Published September 19, 2015
Xavier starting guard Mark Lyons was supposed to have a sidekick when he walked onto Albany's team bus for a very unusual and potentially awkward 12-or-so-hour trek that began at 10 p.m. Sunday night.
However, Musketeers star Tu Holloway couldn't get from Hempstead, N.Y. to Albany due to a major snowstorm that hammered much of the country. He was forced to return home for the night, meaning Lyons was flying solo on the Albany team bus en route to Cincinnati for Tuesday's game against Xavier.
"I didn't have much of a choice," Lyons told FOXSports.com shortly after getting on the bus. "It was a little uncomfortable at first."
Lyons and Holloway both had their flights canceled out of New York on Sunday , leaving Xavier coach Chris Mack and his staff scrambling for alternatives.
After researching all possible options, Xavier's coaches realized they had no choice but to seek help from an unlikely source; their next opponent.
Albany's flight had also been canceled and the team had decided to embark on an overnight bus trip immediately after Sunday night's practice.
"When Coach Mack called me and first told me about it, I said, `I can't do that," Lyons said. "But it was the only way to get back."
"I said 'no', also," Holloway added. "It's bad enough if I have to take a bus ride like that with my own team, but to do it with the team I've gotta play."
So Lyons, who lives about 10 minutes away from the Albany campus in Schenectady, N.Y, and Holloway -- who was coming from Hempstead, were supposed to meet on the Albany campus and ride in the bus with the enemy.
Xavier cleared it through the proper channels -- and compliance from both schools signed off on it.
"I was sitting in my office and my director of operations came in and said he had gotten an unusual request," Albany coach Will Brown said. "Then he told me that Lyons was stuck in Schenectady and Xavier wanted to know if he could travel with us on our bus."
Lyons is second on Xavier's team in scoring at 13.1 points per game and a key component to Xavier's success, but Brown didn't hesitate in agreeing to take the local kid along for the ride.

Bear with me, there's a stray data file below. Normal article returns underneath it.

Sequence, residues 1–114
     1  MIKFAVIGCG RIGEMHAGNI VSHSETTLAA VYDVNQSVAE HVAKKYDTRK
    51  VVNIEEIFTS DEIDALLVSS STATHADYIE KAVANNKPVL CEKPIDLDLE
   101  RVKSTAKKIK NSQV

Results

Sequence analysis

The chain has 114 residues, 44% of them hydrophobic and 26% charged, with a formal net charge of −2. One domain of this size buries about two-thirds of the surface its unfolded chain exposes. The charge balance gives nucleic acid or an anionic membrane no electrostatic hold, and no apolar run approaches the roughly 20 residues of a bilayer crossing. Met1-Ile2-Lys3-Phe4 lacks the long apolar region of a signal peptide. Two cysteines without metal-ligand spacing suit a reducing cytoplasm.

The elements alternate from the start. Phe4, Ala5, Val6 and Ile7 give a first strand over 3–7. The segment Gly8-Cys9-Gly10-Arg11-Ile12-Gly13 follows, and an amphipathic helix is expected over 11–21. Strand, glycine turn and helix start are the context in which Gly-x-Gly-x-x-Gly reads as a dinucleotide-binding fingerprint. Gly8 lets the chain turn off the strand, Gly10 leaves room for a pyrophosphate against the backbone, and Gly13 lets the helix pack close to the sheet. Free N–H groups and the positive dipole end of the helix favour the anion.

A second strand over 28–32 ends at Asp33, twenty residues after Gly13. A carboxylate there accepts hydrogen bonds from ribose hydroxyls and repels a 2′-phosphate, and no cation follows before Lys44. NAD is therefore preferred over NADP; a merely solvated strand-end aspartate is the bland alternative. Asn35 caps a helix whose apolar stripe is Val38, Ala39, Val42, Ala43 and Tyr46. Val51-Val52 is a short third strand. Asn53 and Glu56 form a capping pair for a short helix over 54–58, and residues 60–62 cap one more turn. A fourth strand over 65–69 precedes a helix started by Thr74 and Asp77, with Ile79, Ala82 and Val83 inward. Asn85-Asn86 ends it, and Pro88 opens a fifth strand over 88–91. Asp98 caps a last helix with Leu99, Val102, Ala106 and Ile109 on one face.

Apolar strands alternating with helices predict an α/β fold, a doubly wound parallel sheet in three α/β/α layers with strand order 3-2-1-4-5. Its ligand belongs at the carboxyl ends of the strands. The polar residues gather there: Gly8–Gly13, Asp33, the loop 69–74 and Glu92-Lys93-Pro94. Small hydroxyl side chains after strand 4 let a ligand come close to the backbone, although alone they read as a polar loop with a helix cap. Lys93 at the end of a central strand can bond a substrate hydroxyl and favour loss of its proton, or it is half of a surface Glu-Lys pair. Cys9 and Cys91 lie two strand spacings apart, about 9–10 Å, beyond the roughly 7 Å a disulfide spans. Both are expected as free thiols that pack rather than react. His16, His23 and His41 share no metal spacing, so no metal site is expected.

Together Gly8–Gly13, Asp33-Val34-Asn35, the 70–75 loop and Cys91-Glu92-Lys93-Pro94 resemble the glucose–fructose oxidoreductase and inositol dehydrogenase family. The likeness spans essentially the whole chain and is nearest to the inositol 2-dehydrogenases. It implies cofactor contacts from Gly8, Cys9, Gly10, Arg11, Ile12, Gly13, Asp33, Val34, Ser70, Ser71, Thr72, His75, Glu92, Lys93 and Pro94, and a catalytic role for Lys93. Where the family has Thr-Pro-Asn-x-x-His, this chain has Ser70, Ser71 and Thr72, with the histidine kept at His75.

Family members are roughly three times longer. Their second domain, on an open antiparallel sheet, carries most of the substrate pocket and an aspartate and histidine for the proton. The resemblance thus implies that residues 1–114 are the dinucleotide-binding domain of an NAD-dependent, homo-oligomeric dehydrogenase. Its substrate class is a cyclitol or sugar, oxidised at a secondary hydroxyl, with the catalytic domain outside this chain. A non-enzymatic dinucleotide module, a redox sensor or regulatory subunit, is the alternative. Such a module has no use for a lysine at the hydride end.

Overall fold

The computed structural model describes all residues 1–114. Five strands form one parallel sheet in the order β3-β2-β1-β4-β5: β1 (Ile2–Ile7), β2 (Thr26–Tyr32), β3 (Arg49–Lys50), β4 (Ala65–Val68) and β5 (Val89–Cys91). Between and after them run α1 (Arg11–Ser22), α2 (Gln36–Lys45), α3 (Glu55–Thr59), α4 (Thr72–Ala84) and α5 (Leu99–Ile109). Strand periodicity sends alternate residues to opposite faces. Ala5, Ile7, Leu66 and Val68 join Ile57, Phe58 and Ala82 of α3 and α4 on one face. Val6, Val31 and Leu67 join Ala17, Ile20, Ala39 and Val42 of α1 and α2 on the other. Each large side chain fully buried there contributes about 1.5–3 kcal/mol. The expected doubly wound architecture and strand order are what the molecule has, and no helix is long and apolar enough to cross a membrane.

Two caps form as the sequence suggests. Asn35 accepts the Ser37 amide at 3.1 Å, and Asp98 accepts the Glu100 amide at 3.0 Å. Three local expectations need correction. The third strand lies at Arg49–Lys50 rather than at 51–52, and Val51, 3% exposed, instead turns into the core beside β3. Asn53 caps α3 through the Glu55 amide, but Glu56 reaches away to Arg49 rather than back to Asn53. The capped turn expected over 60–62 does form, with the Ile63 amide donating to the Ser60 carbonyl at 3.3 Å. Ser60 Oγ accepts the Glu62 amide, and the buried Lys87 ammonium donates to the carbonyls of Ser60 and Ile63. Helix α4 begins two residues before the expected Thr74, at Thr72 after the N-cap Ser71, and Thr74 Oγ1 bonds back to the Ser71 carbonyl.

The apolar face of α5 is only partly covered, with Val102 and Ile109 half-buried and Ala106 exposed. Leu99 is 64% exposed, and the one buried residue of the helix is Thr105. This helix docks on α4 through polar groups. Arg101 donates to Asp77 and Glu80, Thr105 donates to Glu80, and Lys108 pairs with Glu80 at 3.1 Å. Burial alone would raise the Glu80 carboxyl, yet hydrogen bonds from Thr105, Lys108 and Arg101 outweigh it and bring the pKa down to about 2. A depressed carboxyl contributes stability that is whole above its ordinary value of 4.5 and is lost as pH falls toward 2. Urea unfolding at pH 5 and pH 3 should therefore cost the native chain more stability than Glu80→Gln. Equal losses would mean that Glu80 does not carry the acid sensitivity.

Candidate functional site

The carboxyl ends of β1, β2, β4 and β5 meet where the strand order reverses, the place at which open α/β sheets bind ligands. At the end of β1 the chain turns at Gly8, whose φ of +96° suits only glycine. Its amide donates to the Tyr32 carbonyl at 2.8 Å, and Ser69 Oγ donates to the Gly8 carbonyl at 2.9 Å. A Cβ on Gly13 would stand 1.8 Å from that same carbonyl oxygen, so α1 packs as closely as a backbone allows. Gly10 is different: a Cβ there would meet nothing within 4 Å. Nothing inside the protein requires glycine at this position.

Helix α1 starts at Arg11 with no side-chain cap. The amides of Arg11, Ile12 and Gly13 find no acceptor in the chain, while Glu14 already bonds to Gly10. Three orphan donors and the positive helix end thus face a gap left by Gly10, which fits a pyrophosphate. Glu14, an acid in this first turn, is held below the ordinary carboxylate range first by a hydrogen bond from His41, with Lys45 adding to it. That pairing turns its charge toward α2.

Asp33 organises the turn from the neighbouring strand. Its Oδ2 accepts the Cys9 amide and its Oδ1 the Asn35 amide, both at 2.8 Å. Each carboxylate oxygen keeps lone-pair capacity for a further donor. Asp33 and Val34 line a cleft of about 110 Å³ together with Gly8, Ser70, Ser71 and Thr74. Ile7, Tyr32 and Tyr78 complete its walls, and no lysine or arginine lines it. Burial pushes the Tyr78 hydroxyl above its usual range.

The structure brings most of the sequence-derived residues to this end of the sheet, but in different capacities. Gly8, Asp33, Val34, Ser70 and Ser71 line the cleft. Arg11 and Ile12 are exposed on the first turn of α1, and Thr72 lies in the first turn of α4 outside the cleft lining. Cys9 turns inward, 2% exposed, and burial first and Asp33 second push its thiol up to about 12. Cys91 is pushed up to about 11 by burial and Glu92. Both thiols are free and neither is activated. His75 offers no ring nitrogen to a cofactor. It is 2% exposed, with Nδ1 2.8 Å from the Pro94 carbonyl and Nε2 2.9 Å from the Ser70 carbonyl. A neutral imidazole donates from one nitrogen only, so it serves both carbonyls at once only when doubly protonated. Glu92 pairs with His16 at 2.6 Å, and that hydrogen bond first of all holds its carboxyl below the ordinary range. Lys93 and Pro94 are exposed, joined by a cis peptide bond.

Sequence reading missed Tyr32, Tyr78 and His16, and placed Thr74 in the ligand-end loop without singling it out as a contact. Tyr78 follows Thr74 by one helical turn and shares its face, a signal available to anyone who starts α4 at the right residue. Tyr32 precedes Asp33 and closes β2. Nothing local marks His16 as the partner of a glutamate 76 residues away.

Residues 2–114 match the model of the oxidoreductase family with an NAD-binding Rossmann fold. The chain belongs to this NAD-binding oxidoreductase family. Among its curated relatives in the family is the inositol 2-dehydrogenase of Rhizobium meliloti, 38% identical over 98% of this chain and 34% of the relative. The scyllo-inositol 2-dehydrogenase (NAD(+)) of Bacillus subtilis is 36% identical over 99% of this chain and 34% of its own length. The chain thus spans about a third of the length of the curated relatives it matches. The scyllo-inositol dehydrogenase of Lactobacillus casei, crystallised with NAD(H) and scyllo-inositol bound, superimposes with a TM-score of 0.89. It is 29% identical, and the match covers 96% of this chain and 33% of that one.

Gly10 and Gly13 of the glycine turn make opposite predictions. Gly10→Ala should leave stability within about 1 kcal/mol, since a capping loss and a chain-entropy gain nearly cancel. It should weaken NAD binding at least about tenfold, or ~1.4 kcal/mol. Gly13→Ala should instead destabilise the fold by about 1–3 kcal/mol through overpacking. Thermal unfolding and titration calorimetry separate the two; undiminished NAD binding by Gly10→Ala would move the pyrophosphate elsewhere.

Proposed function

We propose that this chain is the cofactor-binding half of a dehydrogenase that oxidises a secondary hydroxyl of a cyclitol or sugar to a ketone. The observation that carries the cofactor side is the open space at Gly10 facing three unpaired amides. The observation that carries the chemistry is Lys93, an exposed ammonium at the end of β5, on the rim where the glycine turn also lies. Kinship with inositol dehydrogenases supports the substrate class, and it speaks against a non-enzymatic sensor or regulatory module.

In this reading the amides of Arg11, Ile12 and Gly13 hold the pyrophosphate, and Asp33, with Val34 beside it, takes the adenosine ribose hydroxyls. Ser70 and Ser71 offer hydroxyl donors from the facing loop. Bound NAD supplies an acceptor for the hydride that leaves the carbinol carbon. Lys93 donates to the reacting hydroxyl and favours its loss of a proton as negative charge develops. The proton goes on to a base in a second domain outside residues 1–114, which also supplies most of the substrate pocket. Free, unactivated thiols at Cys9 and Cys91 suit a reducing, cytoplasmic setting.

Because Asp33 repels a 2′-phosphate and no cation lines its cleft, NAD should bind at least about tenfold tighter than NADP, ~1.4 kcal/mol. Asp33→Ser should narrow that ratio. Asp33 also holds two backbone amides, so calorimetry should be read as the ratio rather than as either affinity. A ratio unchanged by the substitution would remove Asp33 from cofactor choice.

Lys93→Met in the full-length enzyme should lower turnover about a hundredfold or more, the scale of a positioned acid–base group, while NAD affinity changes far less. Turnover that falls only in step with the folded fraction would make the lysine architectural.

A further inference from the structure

Then, an hour later, there was another knock on the door. This time it was whether Holloway, who is an A-10 Player of the Year candidate and averaging 21.8 points, 5.2 assists and 4.7 rebounds per game, could join Lyons.
"I was thinking, `You've got to be kidding me'," Brown laughed.
Brown's team has won six of its last seven, and without Holloway and Lyons, has an opportunity to get a huge victory for the Great Danes.
"It would be one of the biggest wins Albany has ever had," said Albany's leading scorer Logan Aronhalt, who happens to hail from Ohio. "But this is the right thing to do."
Brown joked about the possibilities, stuffing the pair of 6-foot with multiple Olive Garden entrees and giving them elbows anytime they began to nod off on the trip in an effort to deprive them of sleep.
"I'm ordering the whole menu for them," Brown laughed. "And they aren't getting off the bus until they eat all of it. I'm hoping by the time they get to Cincinnati they look like a power forward and a center."
But Holloway never made it to Albany -- even after he got a police escort from his home to the train station in Hempstead.
"If I was the Albany coach, I wouldn't have agreed to take us," Holloway said.
But Brown, who has never met Mack, placed the spirit of the holidays ahead of the win-at-all-costs attitude that so many coaches possess.
But that didn't stop him from having fun with the situation.
"I've got him in a headlock right now," Brown joked early on in the ride. "One bottle of water and no food for the 12-hour trip. We're letting him watch the movie with our team though, and I also gave him our scout on Xavier to study."
"It was obviously really, really nice of Will Brown to do this," said Mack.
"Hopefully, he doesn't get beat up on the way here," joked Mack.
Lyons actually received a warm welcome, a free meal and was able to watch The Town -- and when he takes the court Tuesday night, he'll owe it to the same guys who helped get him there.
"I wasn't happy about it at first," Lyons said. "But it's pretty cool."
"It's the right thing to do," added Brown. "This time of year, it's what it's all about."
That was certainly the case for a dozen or so hours -- until the two teams take the court on Tuesday night.